The Marble Statue of an Old Woman seen at the Met was the sculpture that caught my attention the most. Though I did not find it the most “beautiful,” I found the idea of it to be interesting. While all of the marble sculptures were of young immortal godly figures finished with a predominantly smooth surface of contrapposto, the Marble Statue of an Old Woman showed texture within the wrinkly skin and rugged clothing while standing in a decrepit hovering posture. The Marble Statue of an Old Woman created a mortal piece that is seemingly about to deteriorate. Creating a sculpture of a mortal was unthinkable. The point of sculptures was to glorify the immortality of the perfect Gods. The revolutionary thought of commemorating an old common woman in a marketplace was an inspiration for artists to be more authentic and honest with their work. Adding the subtle blemishes contributed personality and character to their art pieces. Those are the imperfections that makes each person unique, and with uniqueness, artist were able to craft and mold a wide variety of emotions, postures, props, and clothing within a sculpture.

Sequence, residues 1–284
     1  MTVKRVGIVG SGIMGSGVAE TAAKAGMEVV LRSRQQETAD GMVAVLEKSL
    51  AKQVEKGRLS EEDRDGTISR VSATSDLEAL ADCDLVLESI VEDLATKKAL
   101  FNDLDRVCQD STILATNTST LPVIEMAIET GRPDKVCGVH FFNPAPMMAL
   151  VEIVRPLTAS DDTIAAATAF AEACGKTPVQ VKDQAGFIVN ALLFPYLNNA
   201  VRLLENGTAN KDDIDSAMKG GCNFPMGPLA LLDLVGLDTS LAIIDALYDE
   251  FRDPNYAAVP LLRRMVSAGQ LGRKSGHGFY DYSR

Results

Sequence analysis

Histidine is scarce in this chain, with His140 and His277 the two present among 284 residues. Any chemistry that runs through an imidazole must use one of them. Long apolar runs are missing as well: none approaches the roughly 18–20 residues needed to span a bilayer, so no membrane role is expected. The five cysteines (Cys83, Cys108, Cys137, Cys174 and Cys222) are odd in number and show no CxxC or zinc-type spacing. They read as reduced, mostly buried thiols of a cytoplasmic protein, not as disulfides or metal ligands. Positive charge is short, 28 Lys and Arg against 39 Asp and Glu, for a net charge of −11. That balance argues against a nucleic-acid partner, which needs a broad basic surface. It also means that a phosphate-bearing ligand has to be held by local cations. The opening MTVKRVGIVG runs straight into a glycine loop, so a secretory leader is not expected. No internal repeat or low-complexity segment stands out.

This authenticity was celebrated during the Hellenistic period where sculptures humanized the Gods and captured
accurate depictions of everyday people or superhumans. The honest message of realism and mortality delivered from the Marble Statue of an Old Woman was the end of the first cycle. Moving along from the erect utilitarian posture with cold emotionless expressions to animated facial expressions, bent hips, and hand gestures, the new form of undeceiving art was the turning page to a new era of a different styles and experimentations to capture and record reality.